Message from the President

It’s about more than being nice – it’s about moral courage

OCFP President Dr. Glenn Brown

March 2017

It has been a stressful time for our profession and our professional organizations. For the past three years, our government and the Ontario Medical Association have not been able to come to a physician services agreement. During this period, the Ontario government proposed changes, dramatically transforming the landscape for health care - all without meaningful input from family physicians, the very people who form the cornerstone of the health-care system. As a result, physicians feel devalued, now more than ever, faced with fee cuts, despite the presence of ever-increasing costs in running their practices.

Among the most important privileges we earn in serving as physicians is respect – of our patients, our physician-colleagues and the public.   Historically it has been the respect that we have earned from the public that has given physicians a moral authority extended to few other professions.

Respect is an essential component of professionalism and underpins the dignity, and civility with which we conduct ourselves as we treat our patients and engage our colleagues.

Unfortunately, media reports over the past several weeks have publicized the disrespectful verbal and written attacks by some physicians toward other physicians around contract negotiations in Ontario. Most notably, the Toronto Star has described a spate of vicious name-calling and threats taking place on social media.

While the media attention focused on the bad behavior of a few, it does not reflect the majority of the profession. As President of the OCFP and as someone who has been involved in the organization for many years, I am constantly inspired by the way in which many family doctors have been working together in their communities, grappling with differences of opinion, and respectfully encouraging positive dialogue to address pressing challenges in our clinical practices.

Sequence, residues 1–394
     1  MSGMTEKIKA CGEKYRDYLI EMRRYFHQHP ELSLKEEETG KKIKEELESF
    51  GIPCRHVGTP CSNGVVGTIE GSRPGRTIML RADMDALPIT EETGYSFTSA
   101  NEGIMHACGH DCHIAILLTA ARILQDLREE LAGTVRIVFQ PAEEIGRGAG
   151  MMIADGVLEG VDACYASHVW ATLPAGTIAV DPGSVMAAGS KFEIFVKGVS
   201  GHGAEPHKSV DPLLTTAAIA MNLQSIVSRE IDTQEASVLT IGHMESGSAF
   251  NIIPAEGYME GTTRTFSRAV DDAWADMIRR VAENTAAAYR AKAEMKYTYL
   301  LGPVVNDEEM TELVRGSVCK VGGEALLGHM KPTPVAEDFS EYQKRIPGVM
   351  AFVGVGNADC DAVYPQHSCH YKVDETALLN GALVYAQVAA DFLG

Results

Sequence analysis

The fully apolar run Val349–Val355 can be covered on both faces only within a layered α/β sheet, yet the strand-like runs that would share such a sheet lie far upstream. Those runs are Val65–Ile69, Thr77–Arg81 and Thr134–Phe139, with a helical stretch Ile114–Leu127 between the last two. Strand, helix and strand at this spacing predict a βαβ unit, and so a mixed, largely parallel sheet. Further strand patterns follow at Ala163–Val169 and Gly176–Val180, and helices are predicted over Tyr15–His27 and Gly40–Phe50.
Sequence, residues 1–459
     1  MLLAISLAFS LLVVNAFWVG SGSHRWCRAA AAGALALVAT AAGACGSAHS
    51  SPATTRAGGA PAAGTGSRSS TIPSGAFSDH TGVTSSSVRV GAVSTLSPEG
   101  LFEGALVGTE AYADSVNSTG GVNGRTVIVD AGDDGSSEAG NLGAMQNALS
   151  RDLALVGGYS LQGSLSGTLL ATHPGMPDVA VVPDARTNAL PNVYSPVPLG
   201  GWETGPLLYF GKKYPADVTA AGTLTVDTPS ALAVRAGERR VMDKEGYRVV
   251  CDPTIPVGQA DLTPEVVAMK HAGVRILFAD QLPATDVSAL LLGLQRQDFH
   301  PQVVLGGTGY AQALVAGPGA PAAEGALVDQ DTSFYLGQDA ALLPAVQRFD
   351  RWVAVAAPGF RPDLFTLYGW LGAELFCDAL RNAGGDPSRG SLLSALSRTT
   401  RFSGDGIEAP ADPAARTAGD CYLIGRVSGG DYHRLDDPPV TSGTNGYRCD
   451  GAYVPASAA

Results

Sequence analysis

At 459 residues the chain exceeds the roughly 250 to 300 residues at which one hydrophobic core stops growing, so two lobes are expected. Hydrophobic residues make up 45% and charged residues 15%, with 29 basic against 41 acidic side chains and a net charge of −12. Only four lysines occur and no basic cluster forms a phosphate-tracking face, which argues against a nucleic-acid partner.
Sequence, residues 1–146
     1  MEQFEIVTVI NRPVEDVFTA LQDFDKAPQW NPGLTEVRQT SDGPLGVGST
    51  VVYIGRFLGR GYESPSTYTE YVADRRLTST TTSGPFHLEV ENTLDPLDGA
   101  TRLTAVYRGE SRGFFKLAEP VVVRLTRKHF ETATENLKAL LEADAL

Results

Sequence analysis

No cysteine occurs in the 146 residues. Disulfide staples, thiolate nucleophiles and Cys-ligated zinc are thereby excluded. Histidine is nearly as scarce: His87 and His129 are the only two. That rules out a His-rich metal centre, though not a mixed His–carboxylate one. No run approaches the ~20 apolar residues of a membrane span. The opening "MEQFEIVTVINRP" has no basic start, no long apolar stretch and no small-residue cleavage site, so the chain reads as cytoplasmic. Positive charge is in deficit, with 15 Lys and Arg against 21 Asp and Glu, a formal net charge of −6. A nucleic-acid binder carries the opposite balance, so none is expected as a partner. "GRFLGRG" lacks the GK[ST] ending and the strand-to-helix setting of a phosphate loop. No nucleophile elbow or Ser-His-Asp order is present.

For me, the February 27th Toronto Star article prompted a reflection on the tone of the discourse.  I wish that I had more quickly identified those occasions when the words expressed had moved past strongly felt feelings and into the realm of unprofessional, personal, crude attacks. For all of us – as individuals, as a profession, and as part of the society as a whole – this is a time for moral courage. Moral courage means taking responsibility, having respect, and doing the right thing. I believe that in this situation it means standing up and calling out damaging actions, and ensuring that, going forward, we never give conduct that demeans others a free pass.

While our profession cannot ignore the stressful backdrop for these incidents, neither can it excuse these hurtful actions. I commend all those family physicians who respectfully and directly identified and addressed disrespectful communication and behavior – thank you for your moral courage.

Negotiations between the Ontario Medical Association and the Ontario government are set to resume, and we are certain to hear divergent opinions once again. Healthy dialogue is the hallmark of a constructive conversation, and I encourage family physicians to be part of the important discussions taking place.

At this pivotal time for health care, divisiveness and disrespect will not serve us. To achieve our shared goal of a coordinated, comprehensive, health-care system we need to come together to listen and challenge one another. That does not mean always agreeing with the opinions of our colleague, but it does mean thoughtful dialogue, well-presented arguments, and respectful attention to the views of others. It will be important to remind each other that all of our perspectives have something to offer as we seek solutions to our current challenges.

At the OCFP we recognize that the diversity of our members – your varied interests, experiences and ultimately, perspectives – is one of the strengths of our profession. In the current challenging landscape, we will continue to assess issues impacting family medicine and primary care, offer information that supports honest discussion, and support the educational needs that are identified as important for health-care system change.  We will endeavour to reflect and articulate your collective views clearly and, when needed, emphatically. It is from this foundation of moral courage, civility and respect that we can help ensure that any system changes will enable us to continue delivering high-quality care to our patients. 

I welcome your comments and thoughts: